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    Hunt for a bell

    Hey y'all! As most know by now, the New Orleans Steamboat Company is in the process of purchasing the old CASINO ROCK ISLAND for conversion into an excursion boat. I have been tasked with locating a suitable calliope and bell for the vessel. We have secured a calliope, but I'm having trouble locating a bell. Would anyone on here have any ideas of where to find one? I was hoping to find a bell with ties to the river, but if someone knows of a good church bell, I would be happy to look in that direction. Thank you in advance for any help y'all can provide :)

    #2
    Does S&D have a roof bell in its collection that it would be willing to loan? It might be worth a call to J.L.S. to find out. Or an even better idea is would the good people of Stanton Hall in Natchez be willing to loan out the BETSY ANN's roof bell? If so, Capt. Way would surly be smiling!

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      #3
      *Bell looking for a home*
      Steamboating colleagues:
      Interesting request by Mat Dow and 'follow' from Frank Prudent. Naturally, an available bell from a boat would be first choice. Jeff Spear may know in Marietta via S&D. Capt. Bill Judd and others who 'lurk' here may have leads. I think once the word is out with a possible squib in, say, WATERWAYS JOURNAL could help. Any bells on a 'loan' basis from a museum like the Ohio River Museum in Marietta possibly a tough nut to crack once any museum accepts an item formally and legally. Any 'loaned' bell would also possibly have to be covered in insurance. An outright purchase the best route. Yet, who knows?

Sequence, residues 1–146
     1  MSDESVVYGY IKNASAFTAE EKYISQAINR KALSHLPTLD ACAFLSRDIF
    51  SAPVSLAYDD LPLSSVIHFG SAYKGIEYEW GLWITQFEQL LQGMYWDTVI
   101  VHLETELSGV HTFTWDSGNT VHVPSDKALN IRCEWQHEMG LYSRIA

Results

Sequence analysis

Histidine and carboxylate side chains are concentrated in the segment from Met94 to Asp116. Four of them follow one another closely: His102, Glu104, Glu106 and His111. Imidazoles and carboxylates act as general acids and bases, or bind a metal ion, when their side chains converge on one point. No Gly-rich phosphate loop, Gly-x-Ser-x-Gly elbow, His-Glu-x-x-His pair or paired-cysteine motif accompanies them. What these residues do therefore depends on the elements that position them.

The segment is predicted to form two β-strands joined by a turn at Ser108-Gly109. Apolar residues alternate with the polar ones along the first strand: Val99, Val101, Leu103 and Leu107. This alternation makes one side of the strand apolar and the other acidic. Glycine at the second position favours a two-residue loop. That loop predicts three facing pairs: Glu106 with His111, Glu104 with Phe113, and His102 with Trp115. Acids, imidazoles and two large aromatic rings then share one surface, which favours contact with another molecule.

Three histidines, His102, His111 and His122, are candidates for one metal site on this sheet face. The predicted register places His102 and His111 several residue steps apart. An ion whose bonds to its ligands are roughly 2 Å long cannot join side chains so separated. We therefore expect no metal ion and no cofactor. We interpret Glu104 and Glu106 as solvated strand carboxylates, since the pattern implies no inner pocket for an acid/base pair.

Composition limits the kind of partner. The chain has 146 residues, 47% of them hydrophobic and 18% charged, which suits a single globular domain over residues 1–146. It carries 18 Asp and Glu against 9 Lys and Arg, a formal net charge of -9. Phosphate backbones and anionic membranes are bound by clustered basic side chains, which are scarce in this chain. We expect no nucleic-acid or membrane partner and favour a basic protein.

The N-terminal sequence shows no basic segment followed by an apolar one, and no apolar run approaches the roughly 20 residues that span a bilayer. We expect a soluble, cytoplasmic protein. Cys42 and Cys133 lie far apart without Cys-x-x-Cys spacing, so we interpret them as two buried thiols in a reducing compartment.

There's one dandy steamboat bell just around the corner here where I live from the Greene Line boat GREENWOOD now on display in the courtyard garden of a church. No way they'd let that beauty get away. The famed VERDIN bell foundry also not far away here but that would entail a new 'commission' basis order at $$$$. So sad our late Capt. John Beatty not with us as he had one great collection of old steamboat bells going way back. What ever happened to all of that a good question. Bill Judd may know. What do I know?

      R. Dale Flick
      Old Coal Haven Landing, Ohio River, Cincinnati.

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        #4
        What calliope did they secure for use on the boat? What is its heritage?

        Keep your steam up!

        Russ Ryle

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          #5
          Thanks for the good information, yall! I will follow those leads and see what I can manage. While we were here, we went over to St. Louis and visited the folks who have the ADMIRAL's bell. What a gorgeous bell! We also pursued the PRESIDENT's bell since her field is close by. Nothing on either, but they were fun trips to make :)